Tuesday, August 3, 2010

Ozette Coralroot (Corallorhiza maculata var. ozettensis)

The Ozette Coralroot is considered to be a variety of the Spotted Coralroot, the species posted in the previous entry.  It is so different from the Spotted Coralroot, however, and so rare, that I'm posting this description separately.  It deserves a special entry, too, because it is the only native orchid that is unique (indigenous) to the State of Washington.

This rare orchid was discovered in 1967 and first described in 2001 by Mr. Ed Tisch of Port Angeles, Washington.  It was found in one location in Clallam County on the Olympic Peninsula in the coastal forests of that county.  It was thought, at the time of its discovery, to be confined to that one county, but has since been discovered in several locations across the water on Whidbey Island.  It was discovered there in 2006 by a young lady named Chelsea Kieffer while studying at the Pacific Rim campus of the Au Sable Institute on that island.  She found it in the woods on the property of the Institute.  That is where we've seen it.


This plant is from eight inches to two feet tall and has bright reddish-purple stems.  The plants we've seen had from six to twenty-six flowers that completely lacked the spotting of the other two varieties, the Western Coralroot and the Western Spotted Coralroot.  The flowers were the same color as the stem on the exterior, but opened a greenish color on the inside with green petals
lightly striped in red-purple, a white lip, and a yellow column.


As with all the other Coralroots, this plant is leafless, sending up its flowering stems in June and July, and leaving no trace of itself except dead spikes when finished.  It is thought to be saprophytic, getting its nourishment not through photosynthesis, but from the roots of other plants and by means of a soil fungus.  Its root looks like a piece of coral, hence its name. This unique plant was named after the Ozette Indians who were the original occupants of the land on which it was first found.  I am not a taxonomist and have to trust the judgment of those who know better than I, but this plant looks so different from the other Western Coralroots, that it is hard to believe they are not entirely different species.   It is considered “of special concern” by the USDA.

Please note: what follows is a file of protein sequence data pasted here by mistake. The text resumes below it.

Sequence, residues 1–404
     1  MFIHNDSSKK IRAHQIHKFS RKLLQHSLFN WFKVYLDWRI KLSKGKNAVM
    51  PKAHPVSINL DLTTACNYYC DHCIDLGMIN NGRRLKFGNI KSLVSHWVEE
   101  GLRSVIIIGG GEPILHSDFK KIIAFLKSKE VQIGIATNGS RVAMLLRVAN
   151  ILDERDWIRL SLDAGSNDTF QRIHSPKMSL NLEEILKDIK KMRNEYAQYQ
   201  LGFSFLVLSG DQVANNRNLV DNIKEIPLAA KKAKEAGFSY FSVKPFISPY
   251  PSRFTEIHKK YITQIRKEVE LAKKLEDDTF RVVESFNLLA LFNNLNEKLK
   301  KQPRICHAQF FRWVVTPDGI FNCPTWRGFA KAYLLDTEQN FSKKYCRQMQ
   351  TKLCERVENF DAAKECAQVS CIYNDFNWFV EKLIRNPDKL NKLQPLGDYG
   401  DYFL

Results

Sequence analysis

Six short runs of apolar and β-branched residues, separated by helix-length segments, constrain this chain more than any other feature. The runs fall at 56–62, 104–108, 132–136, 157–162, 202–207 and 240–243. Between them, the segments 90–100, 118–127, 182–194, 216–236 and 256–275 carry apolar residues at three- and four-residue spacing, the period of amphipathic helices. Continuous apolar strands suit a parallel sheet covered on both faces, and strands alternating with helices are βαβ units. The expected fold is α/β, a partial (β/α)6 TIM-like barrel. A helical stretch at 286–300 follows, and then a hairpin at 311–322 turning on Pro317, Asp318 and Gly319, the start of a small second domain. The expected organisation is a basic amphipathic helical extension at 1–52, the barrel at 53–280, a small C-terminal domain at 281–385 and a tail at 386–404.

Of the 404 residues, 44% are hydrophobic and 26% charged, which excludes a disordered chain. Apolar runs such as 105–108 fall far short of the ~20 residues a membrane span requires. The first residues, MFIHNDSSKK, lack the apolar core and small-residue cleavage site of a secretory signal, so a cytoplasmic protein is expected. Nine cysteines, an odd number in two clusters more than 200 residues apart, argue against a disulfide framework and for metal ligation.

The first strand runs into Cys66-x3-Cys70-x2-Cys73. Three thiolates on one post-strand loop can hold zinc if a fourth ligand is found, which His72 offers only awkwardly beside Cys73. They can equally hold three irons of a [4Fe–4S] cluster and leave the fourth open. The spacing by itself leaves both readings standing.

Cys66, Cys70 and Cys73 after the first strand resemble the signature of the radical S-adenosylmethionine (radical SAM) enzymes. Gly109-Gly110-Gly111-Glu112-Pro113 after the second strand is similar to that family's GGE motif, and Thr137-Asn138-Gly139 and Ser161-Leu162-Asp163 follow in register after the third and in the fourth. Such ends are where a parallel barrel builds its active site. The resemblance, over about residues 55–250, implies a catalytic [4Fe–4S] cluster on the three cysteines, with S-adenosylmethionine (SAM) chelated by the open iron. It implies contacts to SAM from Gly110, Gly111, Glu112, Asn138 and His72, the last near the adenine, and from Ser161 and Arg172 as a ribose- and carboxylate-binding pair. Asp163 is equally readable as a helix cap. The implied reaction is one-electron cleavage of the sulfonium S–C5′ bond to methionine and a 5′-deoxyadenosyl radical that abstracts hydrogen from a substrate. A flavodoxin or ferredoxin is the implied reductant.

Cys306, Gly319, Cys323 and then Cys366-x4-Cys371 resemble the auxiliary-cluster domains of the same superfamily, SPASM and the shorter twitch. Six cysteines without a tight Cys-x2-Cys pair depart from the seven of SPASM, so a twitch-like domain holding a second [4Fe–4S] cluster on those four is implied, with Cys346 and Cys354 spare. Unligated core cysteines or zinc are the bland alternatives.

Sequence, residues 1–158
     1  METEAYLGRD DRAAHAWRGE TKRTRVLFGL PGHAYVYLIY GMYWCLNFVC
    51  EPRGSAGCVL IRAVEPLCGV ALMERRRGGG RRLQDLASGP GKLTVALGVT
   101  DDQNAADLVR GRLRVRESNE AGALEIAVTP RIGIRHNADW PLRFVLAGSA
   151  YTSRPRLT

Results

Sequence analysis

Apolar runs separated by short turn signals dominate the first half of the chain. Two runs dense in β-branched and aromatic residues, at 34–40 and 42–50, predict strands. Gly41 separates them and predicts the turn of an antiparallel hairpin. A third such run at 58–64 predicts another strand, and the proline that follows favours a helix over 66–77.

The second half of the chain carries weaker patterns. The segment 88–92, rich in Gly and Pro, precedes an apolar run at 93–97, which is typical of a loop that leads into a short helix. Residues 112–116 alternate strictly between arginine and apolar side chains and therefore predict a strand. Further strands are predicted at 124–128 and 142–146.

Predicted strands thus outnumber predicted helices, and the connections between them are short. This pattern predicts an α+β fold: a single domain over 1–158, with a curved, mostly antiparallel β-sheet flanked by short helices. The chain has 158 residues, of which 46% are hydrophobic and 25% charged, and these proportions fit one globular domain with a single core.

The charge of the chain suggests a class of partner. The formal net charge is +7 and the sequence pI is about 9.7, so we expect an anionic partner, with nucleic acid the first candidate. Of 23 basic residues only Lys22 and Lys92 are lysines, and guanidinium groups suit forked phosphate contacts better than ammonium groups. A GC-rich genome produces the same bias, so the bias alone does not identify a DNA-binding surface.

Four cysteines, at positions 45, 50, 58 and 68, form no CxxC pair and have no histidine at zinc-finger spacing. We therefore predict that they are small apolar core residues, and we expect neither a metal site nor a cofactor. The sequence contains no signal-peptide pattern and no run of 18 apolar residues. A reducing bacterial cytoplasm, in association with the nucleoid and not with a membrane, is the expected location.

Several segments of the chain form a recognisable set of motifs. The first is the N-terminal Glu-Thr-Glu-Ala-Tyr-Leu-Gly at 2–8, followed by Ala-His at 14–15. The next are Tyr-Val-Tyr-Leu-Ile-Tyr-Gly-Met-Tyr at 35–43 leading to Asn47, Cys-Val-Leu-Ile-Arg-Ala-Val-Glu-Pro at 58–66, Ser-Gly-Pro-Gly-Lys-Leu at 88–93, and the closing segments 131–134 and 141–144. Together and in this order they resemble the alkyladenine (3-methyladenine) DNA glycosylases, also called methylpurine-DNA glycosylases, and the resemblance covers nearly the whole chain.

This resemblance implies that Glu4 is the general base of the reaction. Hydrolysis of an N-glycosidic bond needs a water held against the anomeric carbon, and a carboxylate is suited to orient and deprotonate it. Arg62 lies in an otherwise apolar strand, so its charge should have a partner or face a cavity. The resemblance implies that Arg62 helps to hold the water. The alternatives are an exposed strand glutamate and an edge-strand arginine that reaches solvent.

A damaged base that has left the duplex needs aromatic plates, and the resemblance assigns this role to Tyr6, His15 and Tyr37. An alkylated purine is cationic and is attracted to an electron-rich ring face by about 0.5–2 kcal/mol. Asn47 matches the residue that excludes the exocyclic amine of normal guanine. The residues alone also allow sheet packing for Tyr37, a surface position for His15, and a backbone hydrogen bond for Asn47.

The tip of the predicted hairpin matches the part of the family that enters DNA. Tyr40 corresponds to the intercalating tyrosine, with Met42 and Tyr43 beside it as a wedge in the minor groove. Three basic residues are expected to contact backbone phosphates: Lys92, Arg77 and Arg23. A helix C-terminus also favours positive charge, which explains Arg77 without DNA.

Interesting facts:
(1) All the colonies discovered in Clallam County on the Olympic Peninsula were found at about 300 meters from the ocean.
(2) In his book, Paul Martin Brown says that this variety is always found in pure colonies, but the plants on Whidbey Island were not in such colonies.  They were growing among and with other plants of the Western Spotted Coralroot.

Note: much of this article has been published by the American Orchid Society on its web page at: Ozette Coralroot.

18 comments:

  1. Hi! This is great! You have such a wonderful portfolio of wild orchids and your photos are amazing! I just discovered your blog as I was searching info on the Ozette Coralroot and found that you wrote about my visit to WA! Have you found anymore of this orchid in or outside its range? What was Ed Tisch doing sitting on his discovery for so many years? -Chelsea

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  2. Hi Chelsea,

    How nice to hear from you again! I remember the trip you led to Cornet Bay and the Au Sable Institute. Thanks for commenting and for your kind comments.

    We were just down to Au Sable Institute Friday - the Spotted Coralroots were everywhere - I'ver never seen so many (have a blog post about ready to be posted about them).

    We really went down, however, to check on the Ozettes and they were at least a week from blooming - we've had a cold and wet spring.